“The countdown has begun,” exclaims theatre actor and director Jay Jha, referring to the month of festivities in December. He is set to marry fellow theatre personality Preksha Trivedi on December 8 and his dream venture, Rangbhoomi Spaces in Hyderabad completes three years next month. As one of the directors of Rangbhoomi — the other two being Sanjeev Acharya and Prashant Singh — Jai says, “It is a sacred and a holy space for theatre, arts, music and dance lovers. The stage doesn’t ask a person’s caste, money or fame. Everyone is welcome here.” While he is involved with the creative and artistic aspects of Rangbhoomi, his team, Preksha and Kajol Dubey, take care of the business and content; theatre group Storyboard Productions provides the technical support for sound and lighting.
Platform to showcase diverse talents
“The space is a creative haven; it has provided a secure platform for the local community to showcase diverse talents,” says Preksha Trivedi, the chief finance officer. She adds, “It is heartening to witness the evolution of theatre within the confines of Rangbhoomi. From hosting just one or two music shows a month, to presenting seven shows a month, we have grown exponentially.”
She hopes to expand and enhance the overall experience . “The space is poised to grow bigger and better, welcoming a diverse array of groups and art forms. It has been a remarkable journey, and I am excited about its continued growth in the vibrant artistic landscape of Hyderabad.”
For a seamless experience
Kajol Dubey relocated from Delhi to Hyderabad when she got to know ‘her dear friends were embarking on a new venture’ in the world of theatre. Working as executive producer in the team since January 2021, she ensures the space hosts diverse shows and provides seamless experiences for partners and performing groups. “My primary responsibility revolves around meticulously curating and overseeing the programming of all shows and creating an environment where artistic expression flourishes effortlessly,” she says.
She hopes the space is an integral part of an exciting chapter in Hyderabad’s theatrical journey. “We are enthusiastic about contributing to the vibrant cultural tapestry that the city is yet to fully experience.”
Ups and down
Rangbhoomi opened its doors to the audience on December 20, 2020, with the play Ismat Ek Aurat presented by Sutradhar. The 35-year-old, also the founder of KissaGo theatre, wears many hats and dabbles in different mediums, theatre, films and commercials, including the Meesho commercial with Rashmika Mandanna. He quit his job at Deloitte to start Rangbhoomi, rejoined the same company to work for two years but finally quit the job this January.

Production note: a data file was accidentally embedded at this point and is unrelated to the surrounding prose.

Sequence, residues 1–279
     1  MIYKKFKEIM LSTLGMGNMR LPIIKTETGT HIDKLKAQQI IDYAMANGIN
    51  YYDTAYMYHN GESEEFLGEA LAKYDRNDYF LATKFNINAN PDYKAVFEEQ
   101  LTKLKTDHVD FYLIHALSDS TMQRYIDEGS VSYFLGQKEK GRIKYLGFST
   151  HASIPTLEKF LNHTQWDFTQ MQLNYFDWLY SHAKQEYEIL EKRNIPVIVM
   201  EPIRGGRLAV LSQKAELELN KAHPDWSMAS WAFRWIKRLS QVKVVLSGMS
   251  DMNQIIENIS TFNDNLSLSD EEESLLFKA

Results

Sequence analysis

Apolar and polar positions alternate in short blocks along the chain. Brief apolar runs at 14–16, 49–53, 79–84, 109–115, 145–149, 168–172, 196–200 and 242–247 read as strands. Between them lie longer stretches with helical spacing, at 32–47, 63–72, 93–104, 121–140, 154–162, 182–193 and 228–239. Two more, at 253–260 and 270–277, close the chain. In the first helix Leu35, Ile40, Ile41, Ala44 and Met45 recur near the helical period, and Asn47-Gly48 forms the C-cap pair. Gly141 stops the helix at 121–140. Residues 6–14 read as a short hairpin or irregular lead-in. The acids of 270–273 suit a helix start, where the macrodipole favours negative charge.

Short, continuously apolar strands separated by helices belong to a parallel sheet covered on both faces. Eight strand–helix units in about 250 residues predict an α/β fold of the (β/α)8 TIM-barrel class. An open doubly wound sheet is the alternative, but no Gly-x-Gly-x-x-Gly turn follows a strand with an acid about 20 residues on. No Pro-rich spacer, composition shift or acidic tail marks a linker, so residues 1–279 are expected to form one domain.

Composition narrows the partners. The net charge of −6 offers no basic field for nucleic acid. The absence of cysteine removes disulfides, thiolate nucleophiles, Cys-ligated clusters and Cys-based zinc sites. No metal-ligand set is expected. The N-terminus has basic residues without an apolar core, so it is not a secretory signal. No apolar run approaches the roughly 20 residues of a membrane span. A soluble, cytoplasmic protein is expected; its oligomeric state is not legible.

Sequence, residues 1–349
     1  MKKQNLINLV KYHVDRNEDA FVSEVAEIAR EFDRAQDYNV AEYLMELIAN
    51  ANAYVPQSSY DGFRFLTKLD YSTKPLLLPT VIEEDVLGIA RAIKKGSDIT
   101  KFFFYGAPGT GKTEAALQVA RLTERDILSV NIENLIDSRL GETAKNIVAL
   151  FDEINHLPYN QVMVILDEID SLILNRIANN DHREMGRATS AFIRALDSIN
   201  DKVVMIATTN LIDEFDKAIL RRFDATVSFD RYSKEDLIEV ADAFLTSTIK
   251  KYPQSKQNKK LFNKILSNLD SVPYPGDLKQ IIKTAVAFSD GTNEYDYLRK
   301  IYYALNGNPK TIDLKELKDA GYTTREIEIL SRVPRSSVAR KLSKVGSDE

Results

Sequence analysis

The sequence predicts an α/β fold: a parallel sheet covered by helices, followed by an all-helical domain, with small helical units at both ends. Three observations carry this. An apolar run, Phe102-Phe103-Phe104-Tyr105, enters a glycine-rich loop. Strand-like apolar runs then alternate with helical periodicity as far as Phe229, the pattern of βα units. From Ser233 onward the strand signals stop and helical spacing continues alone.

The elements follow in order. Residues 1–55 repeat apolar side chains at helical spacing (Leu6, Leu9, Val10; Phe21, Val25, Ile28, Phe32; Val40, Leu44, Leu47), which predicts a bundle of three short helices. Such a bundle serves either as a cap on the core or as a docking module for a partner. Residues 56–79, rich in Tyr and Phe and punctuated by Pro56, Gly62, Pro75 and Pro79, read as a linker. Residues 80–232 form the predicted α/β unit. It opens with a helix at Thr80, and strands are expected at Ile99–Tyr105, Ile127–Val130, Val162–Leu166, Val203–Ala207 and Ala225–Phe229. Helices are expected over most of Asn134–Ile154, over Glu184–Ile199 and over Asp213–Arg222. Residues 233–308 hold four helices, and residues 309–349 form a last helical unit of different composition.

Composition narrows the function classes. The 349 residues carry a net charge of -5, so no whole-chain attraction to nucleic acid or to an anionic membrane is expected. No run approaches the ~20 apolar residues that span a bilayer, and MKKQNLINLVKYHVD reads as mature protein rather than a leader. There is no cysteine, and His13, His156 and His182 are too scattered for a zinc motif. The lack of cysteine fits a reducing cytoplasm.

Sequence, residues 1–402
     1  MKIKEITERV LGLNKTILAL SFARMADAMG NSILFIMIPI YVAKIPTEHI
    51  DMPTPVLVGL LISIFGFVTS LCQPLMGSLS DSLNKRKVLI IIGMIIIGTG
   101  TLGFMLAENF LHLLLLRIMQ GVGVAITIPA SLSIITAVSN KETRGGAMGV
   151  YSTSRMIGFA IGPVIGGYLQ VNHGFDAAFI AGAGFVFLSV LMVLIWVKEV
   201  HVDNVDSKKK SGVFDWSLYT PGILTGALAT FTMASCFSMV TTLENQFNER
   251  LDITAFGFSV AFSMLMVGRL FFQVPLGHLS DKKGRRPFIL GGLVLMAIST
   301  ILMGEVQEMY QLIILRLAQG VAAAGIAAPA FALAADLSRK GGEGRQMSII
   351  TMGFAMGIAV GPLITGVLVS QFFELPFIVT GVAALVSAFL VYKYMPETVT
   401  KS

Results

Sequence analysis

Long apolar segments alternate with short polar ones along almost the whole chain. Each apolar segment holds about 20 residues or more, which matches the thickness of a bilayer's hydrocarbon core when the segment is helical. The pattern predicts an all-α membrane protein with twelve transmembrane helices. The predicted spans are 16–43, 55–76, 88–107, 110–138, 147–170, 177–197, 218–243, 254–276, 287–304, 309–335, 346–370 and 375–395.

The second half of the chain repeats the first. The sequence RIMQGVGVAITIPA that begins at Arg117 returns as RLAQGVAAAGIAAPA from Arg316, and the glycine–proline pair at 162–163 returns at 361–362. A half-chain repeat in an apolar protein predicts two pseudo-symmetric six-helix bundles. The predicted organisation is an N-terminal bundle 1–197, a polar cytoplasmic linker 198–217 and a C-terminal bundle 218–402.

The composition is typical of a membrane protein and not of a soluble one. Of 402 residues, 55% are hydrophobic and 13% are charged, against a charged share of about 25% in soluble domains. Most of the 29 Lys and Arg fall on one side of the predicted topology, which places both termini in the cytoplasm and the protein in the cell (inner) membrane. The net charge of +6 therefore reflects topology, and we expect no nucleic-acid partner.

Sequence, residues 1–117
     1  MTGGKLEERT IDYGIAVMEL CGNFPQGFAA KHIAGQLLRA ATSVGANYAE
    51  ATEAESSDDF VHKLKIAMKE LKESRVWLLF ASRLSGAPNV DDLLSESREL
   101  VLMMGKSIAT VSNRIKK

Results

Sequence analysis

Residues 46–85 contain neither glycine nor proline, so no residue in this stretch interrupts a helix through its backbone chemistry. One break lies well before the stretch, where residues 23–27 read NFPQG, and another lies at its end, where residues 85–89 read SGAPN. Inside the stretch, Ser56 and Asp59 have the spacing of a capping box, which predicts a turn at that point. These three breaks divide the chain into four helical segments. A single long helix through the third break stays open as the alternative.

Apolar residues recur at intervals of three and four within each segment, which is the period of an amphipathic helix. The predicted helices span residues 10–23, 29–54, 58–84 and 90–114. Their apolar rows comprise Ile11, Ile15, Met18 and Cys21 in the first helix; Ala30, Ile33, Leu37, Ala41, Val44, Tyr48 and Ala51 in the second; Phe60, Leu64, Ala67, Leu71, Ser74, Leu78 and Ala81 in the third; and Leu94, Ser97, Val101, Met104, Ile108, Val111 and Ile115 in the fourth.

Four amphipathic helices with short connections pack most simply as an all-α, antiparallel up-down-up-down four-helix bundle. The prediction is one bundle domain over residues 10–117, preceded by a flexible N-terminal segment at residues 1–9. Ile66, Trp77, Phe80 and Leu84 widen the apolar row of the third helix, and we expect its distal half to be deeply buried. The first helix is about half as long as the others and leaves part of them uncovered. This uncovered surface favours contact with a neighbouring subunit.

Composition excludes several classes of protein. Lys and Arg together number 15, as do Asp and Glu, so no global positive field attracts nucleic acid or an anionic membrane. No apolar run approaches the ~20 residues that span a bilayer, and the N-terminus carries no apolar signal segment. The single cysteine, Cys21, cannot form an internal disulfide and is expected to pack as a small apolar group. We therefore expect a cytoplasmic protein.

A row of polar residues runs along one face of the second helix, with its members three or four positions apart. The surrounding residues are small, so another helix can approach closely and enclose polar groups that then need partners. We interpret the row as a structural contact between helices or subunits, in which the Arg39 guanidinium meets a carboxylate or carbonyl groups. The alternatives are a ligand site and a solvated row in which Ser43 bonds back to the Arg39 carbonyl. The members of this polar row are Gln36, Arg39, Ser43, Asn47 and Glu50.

Nervous about the sound and viewing experience of the inaugural show, Jai recalls wiping happy tears when it ended. “Rangbhoomi’s journey is like the crests and troughs of life,” he says. The idea, Jai says, germinated from ‘everybody’s favourite’, Lamakaan in Banjara Hills, where the noise from surroundings disturbed performers. that led to the creation of Rangbhoomi Spaces.
However, 2020 being pandemic-hit was not an ideal time to launch a venue for performing arts; so it led to financial hardships due to loans.
The city’s expansion in the west led to this cultural space — with its 140-seater stage and a small canteen — attracting cultural groups in the city and across the country, as well as the audience. “The line-ups are exciting and our ticketed weekend shows are full; we have music, dance and theatre shows in Telugu, English and Hindi,” enthuses Jai.
The venue buzzes on weekends, yet, some challenges remain. There is a gaping gap between income and expenditure and Jai reasons this is because their charges have remained unchanged since its inception. . “The expenditure with rent, staff salaries and maintenance exceeds our income here but we still continue because we want this space to be lively, a home for performing arts.”
Also, sharing premises with Hyderama Cafe and Bar on a busy main road poses a challenge in parking here. Jai adds, “We do not have state-of-the- art infrastructure; our equipment cannot match the expectation of troupes from other cities.”
His friends and partners support him financially and he does theatre workshops too to shore up revenues. “I put whatever I earn, here , so help it survive. I hope someday, somewhere somebody will give this a hand because art cannot survive on its own.” If that doesn’t happen in 2024, (the lease ends in one year), the team has to find a new space that is a ‘little cheaper, well connected and close to Nature.’ “Nothing stops us from dreaming. Koshish jaari hai, josh bana rahe (efforts are on, enthusiasm should sustain).”